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|U.S. Classification||510/237, 510/382, 510/340, 510/470, 510/384, 510/235, 510/422, 510/504, 510/490, 510/351|
|International Classification||A01N25/30, A01N33/12, C11D3/48, C11D11/00, A01N25/02, C11D3/28, A01N47/44, C11D3/40, C11D1/66, C11D1/68, C11D3/50, C11D1/86, C11D1/94|
|Cooperative Classification||C11D1/94, C11D11/0035, C11D3/48, C11D11/0023, C11D1/662|
|European Classification||C11D3/48, C11D1/94, C11D1/66B, C11D11/00B2D, C11D11/00B2D4|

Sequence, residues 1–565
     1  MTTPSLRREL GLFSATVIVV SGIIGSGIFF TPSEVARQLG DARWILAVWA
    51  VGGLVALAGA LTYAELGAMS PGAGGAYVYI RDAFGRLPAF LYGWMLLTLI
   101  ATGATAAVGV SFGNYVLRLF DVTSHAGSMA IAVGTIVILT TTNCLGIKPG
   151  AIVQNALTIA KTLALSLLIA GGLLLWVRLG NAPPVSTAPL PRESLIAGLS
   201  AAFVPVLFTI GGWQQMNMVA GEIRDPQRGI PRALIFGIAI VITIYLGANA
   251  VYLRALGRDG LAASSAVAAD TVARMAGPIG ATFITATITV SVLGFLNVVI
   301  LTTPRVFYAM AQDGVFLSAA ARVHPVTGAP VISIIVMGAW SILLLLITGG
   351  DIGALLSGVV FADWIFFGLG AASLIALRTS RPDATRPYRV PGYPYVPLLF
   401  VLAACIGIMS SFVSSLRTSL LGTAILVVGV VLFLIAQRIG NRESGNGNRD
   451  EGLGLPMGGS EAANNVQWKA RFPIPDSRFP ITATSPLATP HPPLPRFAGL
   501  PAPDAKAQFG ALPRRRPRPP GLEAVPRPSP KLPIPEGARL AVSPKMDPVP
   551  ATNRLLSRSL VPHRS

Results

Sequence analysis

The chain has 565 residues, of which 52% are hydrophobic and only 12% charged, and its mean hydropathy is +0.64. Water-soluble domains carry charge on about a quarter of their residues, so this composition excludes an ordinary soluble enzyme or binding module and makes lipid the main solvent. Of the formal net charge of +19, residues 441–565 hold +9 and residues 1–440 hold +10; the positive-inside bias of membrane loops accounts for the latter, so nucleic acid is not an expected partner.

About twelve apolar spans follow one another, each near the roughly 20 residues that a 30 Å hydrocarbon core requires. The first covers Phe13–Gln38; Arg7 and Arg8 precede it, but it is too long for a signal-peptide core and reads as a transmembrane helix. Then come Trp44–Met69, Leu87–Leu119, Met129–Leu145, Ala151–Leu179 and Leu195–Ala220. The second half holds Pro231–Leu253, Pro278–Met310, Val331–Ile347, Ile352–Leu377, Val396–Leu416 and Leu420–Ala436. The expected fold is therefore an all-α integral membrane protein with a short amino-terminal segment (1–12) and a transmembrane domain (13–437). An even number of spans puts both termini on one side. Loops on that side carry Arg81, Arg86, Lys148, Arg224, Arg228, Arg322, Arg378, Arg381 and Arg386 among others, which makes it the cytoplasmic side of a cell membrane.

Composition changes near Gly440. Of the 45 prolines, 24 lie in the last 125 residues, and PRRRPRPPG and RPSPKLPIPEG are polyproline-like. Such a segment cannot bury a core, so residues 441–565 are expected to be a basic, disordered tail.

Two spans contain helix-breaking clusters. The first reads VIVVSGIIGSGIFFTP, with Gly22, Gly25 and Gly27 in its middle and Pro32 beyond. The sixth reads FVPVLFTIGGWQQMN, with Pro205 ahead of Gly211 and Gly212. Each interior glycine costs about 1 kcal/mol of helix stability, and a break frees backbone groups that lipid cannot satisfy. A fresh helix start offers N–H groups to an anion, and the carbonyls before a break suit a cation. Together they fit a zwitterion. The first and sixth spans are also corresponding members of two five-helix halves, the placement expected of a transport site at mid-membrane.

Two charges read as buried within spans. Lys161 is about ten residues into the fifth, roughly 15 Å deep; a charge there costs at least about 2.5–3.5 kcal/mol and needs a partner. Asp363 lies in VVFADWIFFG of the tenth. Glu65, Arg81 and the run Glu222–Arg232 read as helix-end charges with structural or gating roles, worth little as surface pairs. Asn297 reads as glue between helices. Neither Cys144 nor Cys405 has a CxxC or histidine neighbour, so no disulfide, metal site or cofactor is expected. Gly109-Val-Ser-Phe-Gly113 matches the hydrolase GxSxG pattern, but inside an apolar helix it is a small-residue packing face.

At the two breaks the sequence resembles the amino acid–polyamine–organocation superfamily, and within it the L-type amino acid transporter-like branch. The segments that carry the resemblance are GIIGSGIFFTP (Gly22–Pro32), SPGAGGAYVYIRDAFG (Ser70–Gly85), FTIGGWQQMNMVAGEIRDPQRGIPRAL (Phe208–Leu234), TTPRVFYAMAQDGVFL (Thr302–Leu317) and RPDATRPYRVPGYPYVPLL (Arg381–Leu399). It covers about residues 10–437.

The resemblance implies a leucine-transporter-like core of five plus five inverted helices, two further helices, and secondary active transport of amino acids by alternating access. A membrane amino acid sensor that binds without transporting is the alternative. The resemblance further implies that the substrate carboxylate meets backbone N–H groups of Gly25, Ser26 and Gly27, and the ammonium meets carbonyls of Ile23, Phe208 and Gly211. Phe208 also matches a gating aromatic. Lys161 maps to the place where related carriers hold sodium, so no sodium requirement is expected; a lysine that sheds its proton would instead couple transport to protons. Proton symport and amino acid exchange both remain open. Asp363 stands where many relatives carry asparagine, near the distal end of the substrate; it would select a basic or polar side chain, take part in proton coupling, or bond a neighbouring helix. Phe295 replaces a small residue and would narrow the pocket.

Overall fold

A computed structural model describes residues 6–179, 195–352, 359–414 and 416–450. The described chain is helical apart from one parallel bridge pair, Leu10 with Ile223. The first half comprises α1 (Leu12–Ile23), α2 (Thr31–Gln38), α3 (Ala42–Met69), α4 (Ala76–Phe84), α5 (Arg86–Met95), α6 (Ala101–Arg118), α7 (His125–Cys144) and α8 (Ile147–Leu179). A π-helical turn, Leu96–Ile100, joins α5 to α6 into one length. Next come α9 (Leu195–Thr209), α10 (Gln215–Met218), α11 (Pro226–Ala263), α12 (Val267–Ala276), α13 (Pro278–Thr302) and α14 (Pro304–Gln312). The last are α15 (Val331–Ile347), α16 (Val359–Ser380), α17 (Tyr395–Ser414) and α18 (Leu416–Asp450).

|Feb 18, 2004||AS||Assignment|
Owner name: SELDEN RESEARCH LTD., UNITED KINGDOM
Free format text: ASSIGNMENT OF ASSIGNORS INTEREST;ASSIGNOR:WOODHEAD, PETER PHILIP;REEL/FRAME:014347/0891
Effective date: 20031006
|Jul 21, 2010||FPAY||Fee payment|
Year of fee payment: 4
|Sep 5, 2014||REMI||Maintenance fee reminder mailed|
|Jan 23, 2015||LAPS||Lapse for failure to pay maintenance fees|
|Mar 17, 2015||FP||Expired due to failure to pay maintenance fee|
Effective date: 20150123